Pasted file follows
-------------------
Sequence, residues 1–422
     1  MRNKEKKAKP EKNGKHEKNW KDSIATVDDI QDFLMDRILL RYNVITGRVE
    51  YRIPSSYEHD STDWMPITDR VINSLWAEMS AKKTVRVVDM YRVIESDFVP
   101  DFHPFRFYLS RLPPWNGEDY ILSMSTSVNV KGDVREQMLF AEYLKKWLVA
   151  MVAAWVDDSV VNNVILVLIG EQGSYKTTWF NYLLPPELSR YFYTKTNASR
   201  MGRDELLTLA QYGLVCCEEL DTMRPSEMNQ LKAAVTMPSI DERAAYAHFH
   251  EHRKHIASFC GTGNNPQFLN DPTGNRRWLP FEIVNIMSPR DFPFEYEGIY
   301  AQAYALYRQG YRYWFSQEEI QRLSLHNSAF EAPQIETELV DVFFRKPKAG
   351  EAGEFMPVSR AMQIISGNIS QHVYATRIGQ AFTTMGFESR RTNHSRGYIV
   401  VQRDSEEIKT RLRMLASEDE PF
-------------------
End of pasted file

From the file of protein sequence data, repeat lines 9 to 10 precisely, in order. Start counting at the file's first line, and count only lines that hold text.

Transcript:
   351  EAGEFMPVSR AMQIISGNIS QHVYATRIGQ AFTTMGFESR RTNHSRGYIV
   401  VQRDSEEIKT RLRMLASEDE PF